“Lightning,” he muttered.
Lightning? Tierney remembers thinking. Sure, of course, that had to be it, she reasoned, as the rain started coming down in buckets.
Aware that they were in desperate need of help, Tierney propped Lusson up against the bench. Then she crawled down the trail and through the woods to a dirt road that led to the valley where they’d camped out. There she was spotted by Paul and Carol Fessler of Rock Island, Ill. and their two kids – the only campers left from the previous night – who were just returning from breakfast in Decorah.
“I mean, here we are driving through the pouring rain and we see this person lying on the road,” Carol Fessler recalled when contacted at her Rock Island home. “I’ll never forget the look of terror on her face.”
After helping Tierney into their van and hearing her story, Carol Fessler says she tried calling 911 on her cell phone but couldn’t get a signal. So she ordered their 7-year-old son Grant to run across the field to the Seed Savers Heritage Farm and tell someone to call for help.
The Fesslers then drove to the woods, grabbed a couple sleeping bags and went to comfort Lusson until an ambulance arrived about 10 minutes later.
But the ordeal still wasn’t over.
As he was loaded into the ambulance, Lusson says he felt “intense, burning heat” in his legs and feet. And although the sensation subsided by the time he got to Winneshiek County Memorial Hospital, he still had excruciating pain in his lower back.
After five hours of X-rays and tests – and a shot of morphine – the pain finally disappeared, Lusson says.
Tierney also went through a series of tests, during which she slowly regained feeling throughout her body. Which was “truly wonderful,” she says, “because I’d begun to envision us as this wheelchair couple for the rest of our lives.”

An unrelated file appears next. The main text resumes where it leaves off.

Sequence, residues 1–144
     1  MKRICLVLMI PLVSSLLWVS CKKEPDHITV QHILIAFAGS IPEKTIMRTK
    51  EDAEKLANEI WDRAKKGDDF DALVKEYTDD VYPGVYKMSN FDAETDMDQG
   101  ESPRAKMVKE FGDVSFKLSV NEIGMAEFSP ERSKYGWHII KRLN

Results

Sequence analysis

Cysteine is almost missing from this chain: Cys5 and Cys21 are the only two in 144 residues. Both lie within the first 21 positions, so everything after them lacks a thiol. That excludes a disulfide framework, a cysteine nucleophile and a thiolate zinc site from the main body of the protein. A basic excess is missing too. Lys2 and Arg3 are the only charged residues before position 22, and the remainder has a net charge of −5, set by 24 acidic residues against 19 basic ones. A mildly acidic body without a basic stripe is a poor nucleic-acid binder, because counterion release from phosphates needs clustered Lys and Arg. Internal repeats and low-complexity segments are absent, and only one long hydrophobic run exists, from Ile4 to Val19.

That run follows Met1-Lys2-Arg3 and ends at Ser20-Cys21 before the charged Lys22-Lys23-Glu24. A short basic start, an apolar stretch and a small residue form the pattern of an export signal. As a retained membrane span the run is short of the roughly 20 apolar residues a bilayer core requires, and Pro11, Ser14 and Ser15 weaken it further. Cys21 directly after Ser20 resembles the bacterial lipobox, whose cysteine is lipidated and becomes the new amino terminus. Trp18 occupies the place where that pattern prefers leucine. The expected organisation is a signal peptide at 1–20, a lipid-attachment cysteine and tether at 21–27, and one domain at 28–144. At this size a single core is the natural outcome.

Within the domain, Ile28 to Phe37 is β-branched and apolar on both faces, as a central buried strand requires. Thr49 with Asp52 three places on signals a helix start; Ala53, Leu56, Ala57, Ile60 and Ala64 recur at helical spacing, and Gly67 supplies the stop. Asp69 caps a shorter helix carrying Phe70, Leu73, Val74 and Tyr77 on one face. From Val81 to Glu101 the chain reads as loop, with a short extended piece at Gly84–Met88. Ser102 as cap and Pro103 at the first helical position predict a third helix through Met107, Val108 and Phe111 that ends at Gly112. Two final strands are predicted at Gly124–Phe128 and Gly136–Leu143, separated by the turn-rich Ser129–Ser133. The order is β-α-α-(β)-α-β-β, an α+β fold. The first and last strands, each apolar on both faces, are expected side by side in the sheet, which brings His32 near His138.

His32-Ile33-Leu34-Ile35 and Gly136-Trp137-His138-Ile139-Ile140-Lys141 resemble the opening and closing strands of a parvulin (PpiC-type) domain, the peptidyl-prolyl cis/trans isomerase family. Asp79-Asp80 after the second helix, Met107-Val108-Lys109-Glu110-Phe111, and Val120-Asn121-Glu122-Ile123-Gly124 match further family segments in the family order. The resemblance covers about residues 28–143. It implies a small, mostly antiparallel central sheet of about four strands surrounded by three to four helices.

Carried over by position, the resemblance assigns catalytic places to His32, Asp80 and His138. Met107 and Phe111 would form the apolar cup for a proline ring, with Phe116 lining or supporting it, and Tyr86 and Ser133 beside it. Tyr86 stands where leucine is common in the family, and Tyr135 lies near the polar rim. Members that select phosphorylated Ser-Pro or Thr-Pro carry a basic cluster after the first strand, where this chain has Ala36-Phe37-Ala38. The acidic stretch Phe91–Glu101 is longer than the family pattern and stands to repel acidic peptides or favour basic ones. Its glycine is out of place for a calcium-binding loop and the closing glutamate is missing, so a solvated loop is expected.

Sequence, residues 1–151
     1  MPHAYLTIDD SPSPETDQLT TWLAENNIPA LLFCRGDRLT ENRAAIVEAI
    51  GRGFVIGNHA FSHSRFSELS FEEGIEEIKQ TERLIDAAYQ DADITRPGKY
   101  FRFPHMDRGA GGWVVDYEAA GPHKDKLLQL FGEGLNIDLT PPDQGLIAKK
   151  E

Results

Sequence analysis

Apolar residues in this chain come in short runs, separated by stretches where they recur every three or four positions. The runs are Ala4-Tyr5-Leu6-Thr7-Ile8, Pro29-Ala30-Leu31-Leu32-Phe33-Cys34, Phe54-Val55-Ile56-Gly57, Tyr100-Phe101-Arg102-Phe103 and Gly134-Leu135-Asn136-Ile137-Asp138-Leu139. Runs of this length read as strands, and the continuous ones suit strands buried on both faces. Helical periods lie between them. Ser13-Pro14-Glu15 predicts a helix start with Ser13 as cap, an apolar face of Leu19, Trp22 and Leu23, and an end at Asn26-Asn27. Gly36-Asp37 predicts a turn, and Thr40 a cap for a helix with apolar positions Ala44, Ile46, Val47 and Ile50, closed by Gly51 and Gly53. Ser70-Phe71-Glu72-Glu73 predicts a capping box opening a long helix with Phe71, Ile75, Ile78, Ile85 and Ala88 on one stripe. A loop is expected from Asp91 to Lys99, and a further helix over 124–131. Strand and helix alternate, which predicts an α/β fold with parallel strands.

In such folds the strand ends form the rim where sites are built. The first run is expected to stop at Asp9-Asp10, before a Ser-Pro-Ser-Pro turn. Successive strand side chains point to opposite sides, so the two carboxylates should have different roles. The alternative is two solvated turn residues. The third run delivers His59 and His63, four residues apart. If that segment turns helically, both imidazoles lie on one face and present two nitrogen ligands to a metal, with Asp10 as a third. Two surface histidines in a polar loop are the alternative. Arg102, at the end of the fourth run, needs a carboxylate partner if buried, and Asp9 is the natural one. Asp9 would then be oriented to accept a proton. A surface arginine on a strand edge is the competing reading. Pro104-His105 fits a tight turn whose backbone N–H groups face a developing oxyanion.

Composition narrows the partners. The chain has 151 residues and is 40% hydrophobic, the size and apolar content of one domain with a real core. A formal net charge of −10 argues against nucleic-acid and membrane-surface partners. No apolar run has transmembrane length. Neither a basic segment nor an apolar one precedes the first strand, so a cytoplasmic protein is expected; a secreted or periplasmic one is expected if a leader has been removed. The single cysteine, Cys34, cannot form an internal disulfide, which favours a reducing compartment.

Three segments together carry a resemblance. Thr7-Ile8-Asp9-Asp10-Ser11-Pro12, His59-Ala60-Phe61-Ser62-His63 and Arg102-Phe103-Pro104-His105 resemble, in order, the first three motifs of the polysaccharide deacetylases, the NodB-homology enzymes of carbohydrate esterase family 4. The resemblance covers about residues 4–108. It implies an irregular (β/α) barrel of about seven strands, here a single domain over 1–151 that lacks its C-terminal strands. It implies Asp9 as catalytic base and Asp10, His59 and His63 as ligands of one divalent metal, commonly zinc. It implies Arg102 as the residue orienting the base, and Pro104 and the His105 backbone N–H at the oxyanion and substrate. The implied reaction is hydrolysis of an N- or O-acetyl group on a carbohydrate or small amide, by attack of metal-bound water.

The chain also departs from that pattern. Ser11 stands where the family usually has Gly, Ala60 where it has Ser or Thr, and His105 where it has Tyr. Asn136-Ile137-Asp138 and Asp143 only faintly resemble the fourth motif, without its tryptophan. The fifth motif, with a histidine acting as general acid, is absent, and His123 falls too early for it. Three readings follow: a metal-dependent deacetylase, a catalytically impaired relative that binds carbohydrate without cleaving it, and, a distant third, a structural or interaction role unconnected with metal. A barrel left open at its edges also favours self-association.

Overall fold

Still, doctors were concerned about possible internal injuries. So the couple was transferred to the burn center at UW Hospital in Madison, where they both ended up spending the night before being released. (Lusson went by ambulance; Tierney drove with her brother, sister-in-law and mother, who’d been contacted by the Winneshiek County sheriff’s department.)
And the long-term prognosis?
Surprisingly good, says Lusson, who took a week off from his job to recover.
In fact, he recently had a follow-up physical and was given a clean bill of health.
Naturally, they’re still suffering a few after-effects, he says. His ankles are still sore, and he has burn marks on his right leg. Tierney’s right hip still bothers her, and she’s waiting for a small hole in her right eardrum to heal.
“I’m still amazed we lived through it – especially Joe,” Tierney says, adding that she “couldn’t let him out of my sight for a long time because I was just so appreciative that he was alive and with me.”
It was also, she believes, a not-too-subtle reminder that “no matter what we think, no matter what we try to do, ultimately nature is in charge.”
Lusson, meanwhile, says he’s still sorting it all out and doesn’t know how to interpret what happened on that grim July morning.
“It’s hard to avoid all the cliches, but it makes me want to enjoy life more – not just Aleen, but my family and friends,” he says.
And beyond that?
Joltin’ Joe Lusson takes a swig of orange juice and flashes a wide smile.
“I guess we were supposed to be around a while longer.” Rob Zaleski , The Capital Times